Tuesday, July 31, 2012

New discovery at the Huangsipu site, Zhangjiagang, Jiangsu Province

From: Chinese Archaeology Writer:  Date:2012-7-26 8:21:00

The Huangsipu site is situated in the junction area of the Qing’an village, Yangshe town and the Tanli village, Tangqiao town, Zhangjiagang. It is about 14 km south away from the Yangzi River and about 3 km away from Zhangjiagang downtown. From 2008 to 2010, two salvage archaeological excavations and coring were carried out at the site. As a result, an important discovery was achieved, revealing that the Huangsipu site was used to be an important market in the south bank of the Yangzi River estuary during the Tang and Song dynasties due to a large number of ceramics, pottery and iron daily wares unearthed from the site, particularly the ceramics which were produced in the various kilns nationwide.

In order to further know the cultural connotation of the Huangsipu site, the joint archaeology team combined with the Nanjing Museum and the Zhangjiagang Museum carried out another salvage excavation at the site during April to December, 2011. The excavation area was in the east district of the site and covered about 3000 square meter. As a result, some important cultural features were found, including house ruins, storehouses, wells, roads, etc. dating to the Tang and Song dynasties. Moreover, a large number of ceramics and a few bronzes, iron daily wares were also unearthed, particularly the ceramics which was produced in various types and kilns. The discovery supplied significant materials for further understanding the characters of the Huangsipu site as a port market and its frequent cultural exchange activities.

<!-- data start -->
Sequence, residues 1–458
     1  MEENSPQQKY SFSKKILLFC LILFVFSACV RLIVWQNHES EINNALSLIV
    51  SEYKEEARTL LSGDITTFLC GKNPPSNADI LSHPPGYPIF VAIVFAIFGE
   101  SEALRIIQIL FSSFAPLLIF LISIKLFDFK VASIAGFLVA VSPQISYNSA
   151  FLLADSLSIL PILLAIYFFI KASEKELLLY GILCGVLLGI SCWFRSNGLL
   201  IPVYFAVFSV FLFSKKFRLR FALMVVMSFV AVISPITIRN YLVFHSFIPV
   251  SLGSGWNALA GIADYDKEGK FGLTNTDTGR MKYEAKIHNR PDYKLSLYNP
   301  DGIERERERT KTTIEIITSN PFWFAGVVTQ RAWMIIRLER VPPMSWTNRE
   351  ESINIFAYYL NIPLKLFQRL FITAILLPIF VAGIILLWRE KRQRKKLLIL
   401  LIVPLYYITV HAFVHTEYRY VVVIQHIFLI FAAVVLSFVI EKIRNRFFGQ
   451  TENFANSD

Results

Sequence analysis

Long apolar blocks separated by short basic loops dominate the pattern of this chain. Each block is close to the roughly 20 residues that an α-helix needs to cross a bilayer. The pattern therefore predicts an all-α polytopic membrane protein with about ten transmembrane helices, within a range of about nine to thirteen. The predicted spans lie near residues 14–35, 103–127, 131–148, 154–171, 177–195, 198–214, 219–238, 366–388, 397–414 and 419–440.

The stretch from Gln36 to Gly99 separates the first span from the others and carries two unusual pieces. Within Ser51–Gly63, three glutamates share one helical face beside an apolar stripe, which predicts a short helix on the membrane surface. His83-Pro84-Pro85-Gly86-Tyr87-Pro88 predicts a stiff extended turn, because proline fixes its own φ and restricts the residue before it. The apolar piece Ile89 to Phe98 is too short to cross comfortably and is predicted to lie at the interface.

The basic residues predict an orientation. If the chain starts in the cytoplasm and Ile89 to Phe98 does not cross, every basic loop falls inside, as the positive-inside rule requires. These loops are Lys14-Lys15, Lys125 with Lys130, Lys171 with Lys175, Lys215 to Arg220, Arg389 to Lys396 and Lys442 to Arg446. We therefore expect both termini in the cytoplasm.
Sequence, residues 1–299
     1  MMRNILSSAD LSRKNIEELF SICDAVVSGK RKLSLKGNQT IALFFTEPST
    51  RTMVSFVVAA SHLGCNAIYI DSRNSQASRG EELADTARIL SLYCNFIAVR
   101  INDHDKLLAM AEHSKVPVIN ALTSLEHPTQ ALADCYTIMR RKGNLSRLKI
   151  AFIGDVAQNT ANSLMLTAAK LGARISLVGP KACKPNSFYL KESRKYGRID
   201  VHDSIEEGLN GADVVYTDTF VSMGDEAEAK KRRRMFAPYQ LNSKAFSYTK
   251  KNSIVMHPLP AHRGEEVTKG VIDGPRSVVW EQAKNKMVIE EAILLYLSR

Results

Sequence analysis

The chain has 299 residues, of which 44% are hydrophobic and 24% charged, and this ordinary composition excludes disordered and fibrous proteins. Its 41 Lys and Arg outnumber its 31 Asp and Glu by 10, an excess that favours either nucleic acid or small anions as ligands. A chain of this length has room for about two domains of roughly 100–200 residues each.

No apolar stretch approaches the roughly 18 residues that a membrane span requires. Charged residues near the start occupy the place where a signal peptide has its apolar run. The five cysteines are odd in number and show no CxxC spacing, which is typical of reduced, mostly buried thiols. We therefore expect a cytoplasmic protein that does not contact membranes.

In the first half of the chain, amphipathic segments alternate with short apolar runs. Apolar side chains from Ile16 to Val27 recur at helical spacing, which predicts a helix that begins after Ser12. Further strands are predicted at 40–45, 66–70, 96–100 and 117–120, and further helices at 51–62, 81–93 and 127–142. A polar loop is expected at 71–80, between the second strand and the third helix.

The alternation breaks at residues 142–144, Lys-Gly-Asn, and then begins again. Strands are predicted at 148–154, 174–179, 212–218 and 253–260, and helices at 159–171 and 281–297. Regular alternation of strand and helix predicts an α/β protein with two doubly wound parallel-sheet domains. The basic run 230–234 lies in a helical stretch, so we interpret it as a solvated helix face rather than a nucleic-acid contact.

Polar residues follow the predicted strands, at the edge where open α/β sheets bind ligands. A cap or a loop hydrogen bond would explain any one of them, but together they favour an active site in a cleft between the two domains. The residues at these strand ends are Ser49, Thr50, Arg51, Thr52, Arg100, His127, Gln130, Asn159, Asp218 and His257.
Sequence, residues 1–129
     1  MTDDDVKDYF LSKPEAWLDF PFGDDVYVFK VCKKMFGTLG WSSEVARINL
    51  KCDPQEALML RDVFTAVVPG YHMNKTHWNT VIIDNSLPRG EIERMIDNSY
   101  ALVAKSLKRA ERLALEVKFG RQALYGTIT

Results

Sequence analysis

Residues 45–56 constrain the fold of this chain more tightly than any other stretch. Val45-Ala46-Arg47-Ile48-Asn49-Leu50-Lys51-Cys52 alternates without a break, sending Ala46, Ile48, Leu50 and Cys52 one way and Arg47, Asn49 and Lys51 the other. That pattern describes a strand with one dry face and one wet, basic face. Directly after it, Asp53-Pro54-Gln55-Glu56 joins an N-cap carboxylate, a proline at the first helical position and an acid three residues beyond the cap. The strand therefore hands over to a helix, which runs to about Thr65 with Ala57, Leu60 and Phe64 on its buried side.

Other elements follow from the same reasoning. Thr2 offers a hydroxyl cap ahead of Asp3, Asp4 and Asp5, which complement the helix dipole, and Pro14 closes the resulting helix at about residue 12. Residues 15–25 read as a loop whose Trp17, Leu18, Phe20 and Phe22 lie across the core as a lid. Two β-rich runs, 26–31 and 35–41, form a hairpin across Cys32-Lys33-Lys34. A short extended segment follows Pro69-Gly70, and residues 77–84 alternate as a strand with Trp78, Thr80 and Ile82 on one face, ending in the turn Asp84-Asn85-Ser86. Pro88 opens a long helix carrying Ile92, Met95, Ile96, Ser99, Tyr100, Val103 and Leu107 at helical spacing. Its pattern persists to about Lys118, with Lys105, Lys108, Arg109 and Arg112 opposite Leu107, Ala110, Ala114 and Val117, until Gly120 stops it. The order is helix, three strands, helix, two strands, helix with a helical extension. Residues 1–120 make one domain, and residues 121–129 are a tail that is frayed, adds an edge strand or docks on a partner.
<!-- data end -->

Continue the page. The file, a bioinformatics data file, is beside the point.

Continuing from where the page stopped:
The excavation in 2011 was carried out at the west side of the Huangsipu river course, dissecting the river course dating to the Tang dynasty found in 2009. Its result showed that houses ruins, well preserved brick paved roads, parts of drainage, stone plinths and a pile of pottery tiles dating to the Song dynasty and so on were discovered above the abandoned Tang dynasty river course. The pile of pottery tiles were the plate tiles for roofs. They were intensively laid out and arranged in order. Moreover, on the south of the Tang river course, many building foundations dating to the Tang dynasty were found, including long row house ruins with porches, near square house ruins with one bay, rectangle house ruins, etc. These house ruins had foundation trenches, in which lots of broken bricks and tiles were filled in order to consolidate the foundation of the walls. And there was a large circular plinth in the corners of some house ruins. In addition, on the west of these house ruins, a Tang dynasty storehouse was found. The cultural remains are briefly introduced below:

F18 is a long row house with porches, facing south and arranging in east-west. It was combined with at least 5 houses and a south porch, covering 112.5 square meter in all. The 5 houses were basically similar because all of them had foundation trenches and circular column pits. The house with one single room was about 4.5 meters long in east-east and about 5 meters wide in south-north, covering about 22.5 square meters; the porch was about 23 meter long and 2 meters wide. In the inner side of the porch foundation trench, there was a square plinth with round corners on the points corresponding to the corners of the one-bay house ruin and several layers of pure grey yellow earth rammed inside. Moreover, a large number of broken bricks and tiles were found at the top of the house ruins, and some cultural relics, such as many ceramic bowls plate-bottom shards and coins inscribed with “Kaiyuantongbao”, were discovered.

F20 is a near rectangle house ruin with foundation trench remained. It was about 6.4 meters long in south-north and about 7.2 meters wide in east-west. There were many bricks and tiles filled in the foundation trench. A part of wall foundation was remained in the east part of the foundation trench and was paved with two rows of small grey bricks along the foundation trench.

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